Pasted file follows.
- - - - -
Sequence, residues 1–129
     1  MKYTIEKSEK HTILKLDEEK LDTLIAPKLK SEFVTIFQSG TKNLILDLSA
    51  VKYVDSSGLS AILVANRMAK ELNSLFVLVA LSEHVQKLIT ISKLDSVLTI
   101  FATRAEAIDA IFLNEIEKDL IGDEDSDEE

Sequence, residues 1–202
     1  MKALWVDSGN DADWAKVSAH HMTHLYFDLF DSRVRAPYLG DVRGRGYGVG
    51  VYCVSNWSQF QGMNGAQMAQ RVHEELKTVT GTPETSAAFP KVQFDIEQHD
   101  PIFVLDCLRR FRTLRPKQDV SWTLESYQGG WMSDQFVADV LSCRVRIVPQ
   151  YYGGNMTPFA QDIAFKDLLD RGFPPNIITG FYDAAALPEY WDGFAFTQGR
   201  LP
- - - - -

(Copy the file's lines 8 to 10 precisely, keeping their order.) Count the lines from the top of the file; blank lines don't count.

   101  PIFVLDCLRR FRTLRPKQDV SWTLESYQGG WMSDQFVADV LSCRVRIVPQ
   151  YYGGNMTPFA QDIAFKDLLD RGFPPNIITG FYDAAALPEY WDGFAFTQGR
   201  LP